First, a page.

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July 20, 2000

**Videos.** What I consider the best two math videos of all time are now available from the Mathematical Sciences Research Institute via the MAA. "Mathematics in Arcadia" contains short excerpts from Tom Stoppard's hit *Arcadia*, loaded with mathematics, interspersed with conversations between the playwright and mathematician Robert Osserman:

Stoppard: Could you explain entropy?

Osserman: No [laughter].

Stoppard: I'll do it. Entropy is something every mother with a teenage daughter understands, which is that if you just move the stuff around in your bedroom without any plan or thought, it gets untidier; it never gets tidier. [What a perfect explanation!]

The second video, "Fermat's Last Theorem," as seen on TV as "The Proof" on NOVA, captures Wiles's emotional experience in solving the 350-year-old problem:

Wiles: Suddenly, totally unexpectedly, I had this incredible revelation. The most important moment of my working life. Nothing I can do again will . . . [unable to finish].

**Old Challenge** (Matthias Weber). How can two people determine which is older without revealing their ages? No outside help is permitted. You may assume that their ages are different.

**Answer.** The best solution comes from Raymond Hettinger: "Have one of the two people put 100 consecutively numbered post-it notes on her desk with a check mark on the underside if the number is less than her age, and then leave the room. The other person enters, looks under the one note with his own age and learns from the check mark whether his age is higher or lower. After replacing the post-it, he shares the information with his friend but does not say which post-it he examined."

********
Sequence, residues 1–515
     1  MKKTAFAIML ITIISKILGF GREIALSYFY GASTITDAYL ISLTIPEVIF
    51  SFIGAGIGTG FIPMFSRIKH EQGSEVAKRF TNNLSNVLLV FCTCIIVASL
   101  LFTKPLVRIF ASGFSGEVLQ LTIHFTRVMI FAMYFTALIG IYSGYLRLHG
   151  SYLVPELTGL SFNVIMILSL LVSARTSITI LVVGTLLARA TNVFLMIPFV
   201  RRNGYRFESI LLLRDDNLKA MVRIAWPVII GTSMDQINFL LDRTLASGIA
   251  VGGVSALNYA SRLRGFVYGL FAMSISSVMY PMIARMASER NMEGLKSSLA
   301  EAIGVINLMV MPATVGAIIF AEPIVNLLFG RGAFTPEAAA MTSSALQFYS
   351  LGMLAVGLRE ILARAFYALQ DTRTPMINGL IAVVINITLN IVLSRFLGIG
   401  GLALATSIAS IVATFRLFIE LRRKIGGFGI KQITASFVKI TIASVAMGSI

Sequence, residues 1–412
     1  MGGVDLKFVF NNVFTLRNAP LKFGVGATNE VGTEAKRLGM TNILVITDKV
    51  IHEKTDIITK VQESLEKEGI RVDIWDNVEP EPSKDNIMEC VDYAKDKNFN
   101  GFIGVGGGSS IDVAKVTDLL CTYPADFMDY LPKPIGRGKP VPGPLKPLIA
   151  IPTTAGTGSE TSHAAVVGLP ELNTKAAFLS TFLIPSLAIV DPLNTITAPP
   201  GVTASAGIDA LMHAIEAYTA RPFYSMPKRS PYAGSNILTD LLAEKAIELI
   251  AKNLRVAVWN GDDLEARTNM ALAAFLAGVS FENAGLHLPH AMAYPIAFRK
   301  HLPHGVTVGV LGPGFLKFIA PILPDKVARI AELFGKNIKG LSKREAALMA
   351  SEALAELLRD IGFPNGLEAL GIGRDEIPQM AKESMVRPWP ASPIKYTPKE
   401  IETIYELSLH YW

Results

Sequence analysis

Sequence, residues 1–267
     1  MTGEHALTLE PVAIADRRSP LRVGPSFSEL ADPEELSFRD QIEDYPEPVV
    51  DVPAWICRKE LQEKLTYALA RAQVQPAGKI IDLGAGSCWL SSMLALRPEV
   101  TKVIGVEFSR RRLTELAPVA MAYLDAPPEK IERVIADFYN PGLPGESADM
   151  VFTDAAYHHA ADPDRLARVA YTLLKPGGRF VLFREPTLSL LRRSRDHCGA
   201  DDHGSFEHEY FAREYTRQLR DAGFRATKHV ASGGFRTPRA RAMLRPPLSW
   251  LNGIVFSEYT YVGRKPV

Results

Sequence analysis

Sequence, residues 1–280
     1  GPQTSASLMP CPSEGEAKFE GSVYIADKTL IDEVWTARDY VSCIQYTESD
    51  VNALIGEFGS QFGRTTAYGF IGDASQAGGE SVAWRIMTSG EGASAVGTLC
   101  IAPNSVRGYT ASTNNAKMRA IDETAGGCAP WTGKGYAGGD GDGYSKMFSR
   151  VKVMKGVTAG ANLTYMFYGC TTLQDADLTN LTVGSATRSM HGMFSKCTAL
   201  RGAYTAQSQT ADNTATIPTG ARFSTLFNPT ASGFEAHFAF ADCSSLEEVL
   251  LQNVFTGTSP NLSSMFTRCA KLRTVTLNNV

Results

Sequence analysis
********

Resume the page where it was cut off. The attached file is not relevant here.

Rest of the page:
In another interesting solution, Reiner Schatzle, of ETH Zurich, suggests that they synchronize their watches, agree that each minute after noon represents a year after 1850, and wait separately in outer chambers until their years of birth, at which time they briefly revisit a central room. The first visitor writes "I am the older" on a tablet, and the second visitor writes underneath, "I am the younger."

Some other answers involved placing partially filled containers on a balance scale.

**New Challenge **(John Shonder). A small creature needs to find its way from a random point on an mile-wide strip of land to the sea on either side, by going distance r in a random direction and then (if it has not yet found the water), turning once t degrees to the right and continuing thereafter in a straight line. What choices of r and t minimize the expected journey length to the sea?

**MATH CHAT** is now available directly at MathChat.org.

Send answers, comments, and new questions by email to Frank.Morgan@williams.edu, to be eligible for* Flatland *and other book awards. Winning answers will appear in the next Math Chat. Math Chat appears on the first and third Thursdays of each month. Prof. Morgan's homepage is at www.williams.edu/Mathematics/fmorgan.

THE MATH CHAT BOOK, including a $1000 Math Chat Book QUEST, questions and answers, and a list of past challenge winners, is now available from the MAA (800-331-1622).

Copyright 2000, Frank Morgan.